Chart 8: Answers by location to the question: “Do you think the number of immigrants coming to Britain nowadays should be increased a lot, increased a little, remain the same as it is, reduced a little, or reduced a lot?”

Source: Citizenship survey 2010-11, Home Office, Social and Public Service Impacts of Migration at the Local Level (July 2013)

7. Immigrants worry about immigration too

The attitudes of immigrants themselves towards reducing immigration also shift over time – coming closer to the average for the UK population the longer they have been in the country, as Chart 9 shows. This is likely to be a function of both length of time in the UK and the different types of immigrants that arrived during these periods.

Chart 9: Answers by people not born in the UK to the question: “Do you think the number of immigrants coming to Britain nowadays should be increased a lot, increased a little, remain the same as it is, reduced a little, or reduced a lot?”

Source: Citizenship Survey 2010-11

8. The newspaper we read says a lot about our attitudes to immigration

Newspaper readership provides one of the widest ranges in levels of concern of any single characteristic: in 2013, 52 per cent of Express readers said that immigration was one of the most important issues facing the country, compared with only 14 per cent of Guardian readers. Of course this doesn’t prove a causal effect – and this is just about impossible to fully unpick.

Chart 10: Answers by newspaper readership to the question: “What would you say is the most important issue/other important issues facing Britain today?”

Source: Ipsos MORI Issues index

9. The UK population likes immigration targets, but has little faith in them

Around eight in ten of the population have agreed that the government should set strict limits on the number of immigrants since we started asking this question back in 2006. It is no surprise then that there is similarly widespread support (from around 80 per cent) for the government’s current pledge to reduce net migration to “tens of thousands”. But it is also clear that people (increasingly) doubt the government will be able deliver this, as Chart 11 shows.

Chart 11: Support for David Cameron’s immigration pledge and assessment of likelihood of meeting this pledge by party

Source: YouGov/Sunday Times, November 2011, January 2012, October 2012, December 2012, January 2014

10. UKIP has broken away

UKIP voters had similar levels of concern about immigration to Conservative voters in 2002. However, since then they have rapidly grown away from Conservative and all other voters in their immigration focus, as Chart 12 shows.

Chart 12: Answers by party to the question: “What would you say is the most important issue/other important issues facing Britain today?”

Source: Ipsos MORI Issues index

There are broader signs that immigration is becoming a more polarising issue. In particular, the proportion saying we’re discussing immigration “too much” has more than doubled in the last three years, as Chart 13 shows.

Chart 13: Answers by party to the question: “Generally speaking, do you think that the issue of immigration has been discussed in Britain too much, too little, or about the right amount over the last few years?”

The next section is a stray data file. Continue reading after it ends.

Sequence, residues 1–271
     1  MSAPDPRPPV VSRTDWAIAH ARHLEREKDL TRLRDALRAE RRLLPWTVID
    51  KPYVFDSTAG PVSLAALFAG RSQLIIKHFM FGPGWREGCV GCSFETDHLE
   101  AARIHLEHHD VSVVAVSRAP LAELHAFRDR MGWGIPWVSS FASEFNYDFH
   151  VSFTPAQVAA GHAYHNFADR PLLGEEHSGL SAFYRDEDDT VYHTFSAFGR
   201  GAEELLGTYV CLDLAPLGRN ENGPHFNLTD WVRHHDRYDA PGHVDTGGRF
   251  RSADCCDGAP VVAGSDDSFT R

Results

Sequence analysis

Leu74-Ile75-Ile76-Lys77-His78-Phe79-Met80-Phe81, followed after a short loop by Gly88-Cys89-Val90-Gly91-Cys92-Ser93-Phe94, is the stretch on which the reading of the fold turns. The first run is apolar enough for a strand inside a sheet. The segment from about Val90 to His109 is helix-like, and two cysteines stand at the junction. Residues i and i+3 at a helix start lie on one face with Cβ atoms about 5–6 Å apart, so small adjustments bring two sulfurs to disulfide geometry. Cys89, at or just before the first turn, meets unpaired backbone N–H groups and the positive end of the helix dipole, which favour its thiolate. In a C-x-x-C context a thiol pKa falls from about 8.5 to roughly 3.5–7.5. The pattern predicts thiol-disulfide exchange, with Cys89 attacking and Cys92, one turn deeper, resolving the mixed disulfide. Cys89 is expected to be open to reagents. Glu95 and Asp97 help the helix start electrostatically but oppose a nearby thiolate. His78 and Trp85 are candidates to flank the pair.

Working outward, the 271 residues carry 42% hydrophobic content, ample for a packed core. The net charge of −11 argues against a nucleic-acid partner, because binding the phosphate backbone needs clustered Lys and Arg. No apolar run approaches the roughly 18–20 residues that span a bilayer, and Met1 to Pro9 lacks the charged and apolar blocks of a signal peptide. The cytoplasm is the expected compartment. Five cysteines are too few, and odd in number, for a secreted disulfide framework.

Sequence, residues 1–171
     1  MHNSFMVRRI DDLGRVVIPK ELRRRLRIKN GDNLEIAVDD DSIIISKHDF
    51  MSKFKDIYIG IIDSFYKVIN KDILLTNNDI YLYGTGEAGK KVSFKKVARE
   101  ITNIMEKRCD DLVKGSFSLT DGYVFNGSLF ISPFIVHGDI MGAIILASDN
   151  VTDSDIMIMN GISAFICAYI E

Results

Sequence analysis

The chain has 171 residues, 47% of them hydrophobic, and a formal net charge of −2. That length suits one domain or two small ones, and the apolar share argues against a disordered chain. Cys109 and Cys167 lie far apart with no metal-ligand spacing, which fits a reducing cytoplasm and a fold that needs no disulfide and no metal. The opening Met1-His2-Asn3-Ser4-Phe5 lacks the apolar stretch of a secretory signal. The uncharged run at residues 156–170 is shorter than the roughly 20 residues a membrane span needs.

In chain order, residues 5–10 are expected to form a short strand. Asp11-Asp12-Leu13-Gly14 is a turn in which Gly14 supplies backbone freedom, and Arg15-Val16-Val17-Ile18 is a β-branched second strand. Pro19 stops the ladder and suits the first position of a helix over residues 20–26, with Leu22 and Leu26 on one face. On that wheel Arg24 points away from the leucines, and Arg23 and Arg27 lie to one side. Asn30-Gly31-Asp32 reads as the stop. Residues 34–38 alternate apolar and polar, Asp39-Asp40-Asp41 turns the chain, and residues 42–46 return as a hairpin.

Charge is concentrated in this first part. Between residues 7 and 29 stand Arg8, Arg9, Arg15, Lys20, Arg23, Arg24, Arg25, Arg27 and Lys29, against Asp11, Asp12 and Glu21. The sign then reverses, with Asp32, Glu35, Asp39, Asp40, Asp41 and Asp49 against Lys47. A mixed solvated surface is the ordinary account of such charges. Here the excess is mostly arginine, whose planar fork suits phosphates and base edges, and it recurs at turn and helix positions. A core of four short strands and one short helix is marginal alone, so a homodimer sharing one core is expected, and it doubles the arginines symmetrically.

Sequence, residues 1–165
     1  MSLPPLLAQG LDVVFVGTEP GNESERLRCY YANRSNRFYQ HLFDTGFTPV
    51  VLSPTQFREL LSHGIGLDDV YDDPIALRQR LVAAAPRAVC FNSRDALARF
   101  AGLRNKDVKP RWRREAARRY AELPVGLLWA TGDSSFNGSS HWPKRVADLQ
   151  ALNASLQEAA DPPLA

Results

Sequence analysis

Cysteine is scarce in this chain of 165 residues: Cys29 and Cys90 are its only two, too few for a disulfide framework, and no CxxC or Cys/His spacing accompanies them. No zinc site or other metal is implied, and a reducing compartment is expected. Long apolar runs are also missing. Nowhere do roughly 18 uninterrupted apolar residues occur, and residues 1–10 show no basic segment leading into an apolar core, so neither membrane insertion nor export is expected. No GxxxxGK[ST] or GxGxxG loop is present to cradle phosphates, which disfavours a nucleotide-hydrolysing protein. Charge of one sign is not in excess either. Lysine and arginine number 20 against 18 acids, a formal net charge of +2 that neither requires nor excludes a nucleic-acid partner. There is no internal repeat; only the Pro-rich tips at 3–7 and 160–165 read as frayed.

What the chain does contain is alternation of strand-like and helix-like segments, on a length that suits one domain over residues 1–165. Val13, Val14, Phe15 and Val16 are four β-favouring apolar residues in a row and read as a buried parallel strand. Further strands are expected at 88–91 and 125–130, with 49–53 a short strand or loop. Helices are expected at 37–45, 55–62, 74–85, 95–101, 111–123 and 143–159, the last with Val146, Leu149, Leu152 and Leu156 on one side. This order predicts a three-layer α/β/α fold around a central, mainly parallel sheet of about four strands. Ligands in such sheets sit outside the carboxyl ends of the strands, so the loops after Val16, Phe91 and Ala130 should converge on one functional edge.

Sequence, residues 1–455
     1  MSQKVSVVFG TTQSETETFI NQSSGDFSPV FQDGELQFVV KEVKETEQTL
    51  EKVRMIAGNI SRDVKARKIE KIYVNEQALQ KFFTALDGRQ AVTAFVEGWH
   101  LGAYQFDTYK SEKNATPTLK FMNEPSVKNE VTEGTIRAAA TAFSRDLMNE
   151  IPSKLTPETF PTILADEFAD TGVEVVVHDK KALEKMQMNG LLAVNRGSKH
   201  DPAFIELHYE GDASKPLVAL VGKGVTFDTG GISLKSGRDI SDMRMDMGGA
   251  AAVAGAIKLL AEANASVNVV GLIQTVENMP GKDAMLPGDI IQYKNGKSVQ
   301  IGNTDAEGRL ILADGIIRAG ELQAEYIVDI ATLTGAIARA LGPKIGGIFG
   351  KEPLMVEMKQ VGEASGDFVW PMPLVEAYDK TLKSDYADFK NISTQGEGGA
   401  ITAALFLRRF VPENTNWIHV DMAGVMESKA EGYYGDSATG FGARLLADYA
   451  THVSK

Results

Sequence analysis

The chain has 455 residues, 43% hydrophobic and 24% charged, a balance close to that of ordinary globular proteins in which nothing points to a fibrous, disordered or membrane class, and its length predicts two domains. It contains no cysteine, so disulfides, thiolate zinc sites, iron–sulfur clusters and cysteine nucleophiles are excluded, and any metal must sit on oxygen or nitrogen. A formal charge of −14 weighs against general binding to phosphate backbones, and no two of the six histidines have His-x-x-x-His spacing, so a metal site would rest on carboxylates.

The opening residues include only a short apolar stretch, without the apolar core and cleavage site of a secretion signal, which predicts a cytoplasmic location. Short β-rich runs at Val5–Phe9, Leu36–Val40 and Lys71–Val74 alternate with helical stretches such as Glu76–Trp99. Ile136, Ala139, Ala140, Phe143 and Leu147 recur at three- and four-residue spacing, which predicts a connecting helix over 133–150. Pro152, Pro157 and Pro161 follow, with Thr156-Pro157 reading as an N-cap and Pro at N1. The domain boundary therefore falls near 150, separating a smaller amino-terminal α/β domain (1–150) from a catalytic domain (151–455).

Note: Base is 1,000 British adults aged 18 and over on 8 – 12 March 2014 (Ipsos MORI); 2,735 British adults aged 18 and over on 14-15 April 2011 (YouGov). Ipsos MORI survey conducted by telephone and YouGov survey conducted online therefore comparisons should be made with caution. Source: Ipsos MORI and YouGov


It should be easy to accept that there is deep concern about immigration in general across large parts of the population, while also recognising that there is more nuance in specific views. But it is much more difficult for politicians to communicate that. Trust is so low among so many, with the default position that the political classes do not understand people’s concerns, that any sign of playing back a nuanced case risks being seen as not taking the issue seriously enough. It is therefore very difficult to have a conversation that does not end up fuelling concern and the misperceptions that are clear in the attitudinal data.

It seems very likely then that immigration will become more divisive in the coming months. In some sense, it has been strangely unifying, as even those at the more sympathetic end of the spectrum often agreed it has not been treated seriously enough. But as the discussion continues, differences in views are being brought into starker relief. And, as we have seen, not only is there a growing polarisation in attitudes, the groups that are most different from each other have very different current and future electoral weight. In particular, there is a strong generational basis to concern about immigration, with the oldest most concerned – and most likely to vote. But they are also dying out, and being replaced by a much less concerned cohort.

But that reaches way beyond the current electoral cycle, and remains uncertain. The current political response to concern about immigration and the rise of UKIP specifically – more restrictive rhetoric and policy across parties – seems set to continue. The potential loss of future voters will count for little in the intense fight for every current vote in the coming months.

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Note: This article is provided by our sister site, British Politics and Policy at LSE, and gives the views of the author, not the position of EUROPP – European Politics and Policy, nor of the London School of Economics. Featured image credit: The Open University (CC-BY-SA-ND-NC-3.0)

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About the author

Bobby Duffy
Bobby Duffy is the Managing Director of the Ipsos MORI Social Research Institute and Global Director of Ipsos Social Research Institute. Bobby joined MORI in 1994 after graduating in Economics/Social and Political Science from St John’s College, Cambridge, and now leads a team of around 200 researchers in London, Manchester, Edinburgh and Belfast.